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SMART INSIGHTS FROM PROFESSIONAL ADVISERS

Is Now the Right Time to Refinance for a Lower Mortgage Rate?

Consider these three things before you make your decision.

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The decision to purchase a home is often life changing, making a mortgage a big part of one's financial plan and often the biggest piece of debt. And, similar to the stock market, the economic landscape for lending is continuously changing, making it imperative for consumers to review their mortgage regularly.

See Also: Kiplinger's Economic Outlook for Housing

With interest rates remaining near historic lows, many are considering refinancing their home to lower monthly expenses, assist with a long-term payoff or consolidate debt—essentially to put themselves in a better financial position. Yet reasons to refinance are not limited to interest rates alone, and the "right" time to do it may vary for each consumer.

To hone in on key refinancing considerations, I chatted with Vince Giacalone, a mortgage banker with Residential Wholesale Mortgage (RWMI). Below is our collective list of motivators and considerations for refinancing:

What's Your Timeframe?

Before jumping into refinancing, determine your plan for the home: What is the estimated time you plan on owning the home? Is it two years? Is it 20 years? Determining that timeframe will help dictate the appropriate loan program for you and help you choose either a short-term or long-term hold strategy.

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As Giacalone puts it, "friends don't let friends pay points." In other words, paying points to obtain a mortgage only benefits the consumer in specific, long-term scenarios. So, have a good understanding of your timeline before you refinance.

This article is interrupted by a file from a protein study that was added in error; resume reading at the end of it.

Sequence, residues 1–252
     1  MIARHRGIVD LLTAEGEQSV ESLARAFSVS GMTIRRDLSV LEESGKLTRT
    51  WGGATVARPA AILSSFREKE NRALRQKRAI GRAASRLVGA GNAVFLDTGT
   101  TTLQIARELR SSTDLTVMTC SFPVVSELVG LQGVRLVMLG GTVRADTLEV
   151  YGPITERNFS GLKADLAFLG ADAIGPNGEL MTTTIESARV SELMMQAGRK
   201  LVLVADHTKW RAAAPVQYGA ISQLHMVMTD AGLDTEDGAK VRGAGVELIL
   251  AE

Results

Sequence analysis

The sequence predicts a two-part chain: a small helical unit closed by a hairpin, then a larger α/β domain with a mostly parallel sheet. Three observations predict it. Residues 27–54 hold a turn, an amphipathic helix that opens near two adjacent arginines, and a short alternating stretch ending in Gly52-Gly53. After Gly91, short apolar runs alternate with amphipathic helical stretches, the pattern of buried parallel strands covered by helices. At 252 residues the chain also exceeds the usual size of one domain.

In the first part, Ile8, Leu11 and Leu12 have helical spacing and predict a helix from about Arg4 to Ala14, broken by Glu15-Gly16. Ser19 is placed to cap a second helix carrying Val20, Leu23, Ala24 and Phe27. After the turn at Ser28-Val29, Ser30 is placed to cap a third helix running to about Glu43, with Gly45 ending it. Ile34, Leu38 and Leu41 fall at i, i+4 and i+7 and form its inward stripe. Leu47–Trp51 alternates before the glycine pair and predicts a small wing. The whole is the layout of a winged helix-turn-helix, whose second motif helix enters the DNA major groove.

Know Your Motivators

What is your specific reason for refinancing? Is it to obtain the lowest possible rate, to protect the loan over the long haul or to improve your monthly cash flow? Or are you considering home improvements? It's important to determine the motivation prior to making the move. In a low-interest-rate environment, some consumers may see immediate monthly savings and opt to refinance for that reason. Others may use a cash-out refinance to build an addition to the house, consolidate their debt or invest the money elsewhere.

Interest Rates

Interest rates aren't the basis for a refinancing decision, but they can certainly play an important role. With current interest rates near historic lows, consumers may be taking a closer look at their statements and assessing where they stand. "Taking the mortgage temperature can either show consumers they are well positioned or serve as a wakeup call," says Giacalone. As each scenario is specific to the person, the refinancing decision should be made based on all aspects of the interest-rate environment.

Similar to the decision-making process involved in the original purchase, it's important to review one's reasons for refinancing and whether it's the right time. Personal situations vary, so be cognizant of your motivators and goals before refinancing your home.

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See Also: Refinancing Your Home May Still Make Sense

Taylor Schulte, CFP® is founder and CEO of Define Financial, a San Diego-based fee-only firm. He is passionate about helping clients accumulate wealth and plan for retirement.

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This article was written by and presents the views of our contributing adviser, not the Kiplinger editorial staff.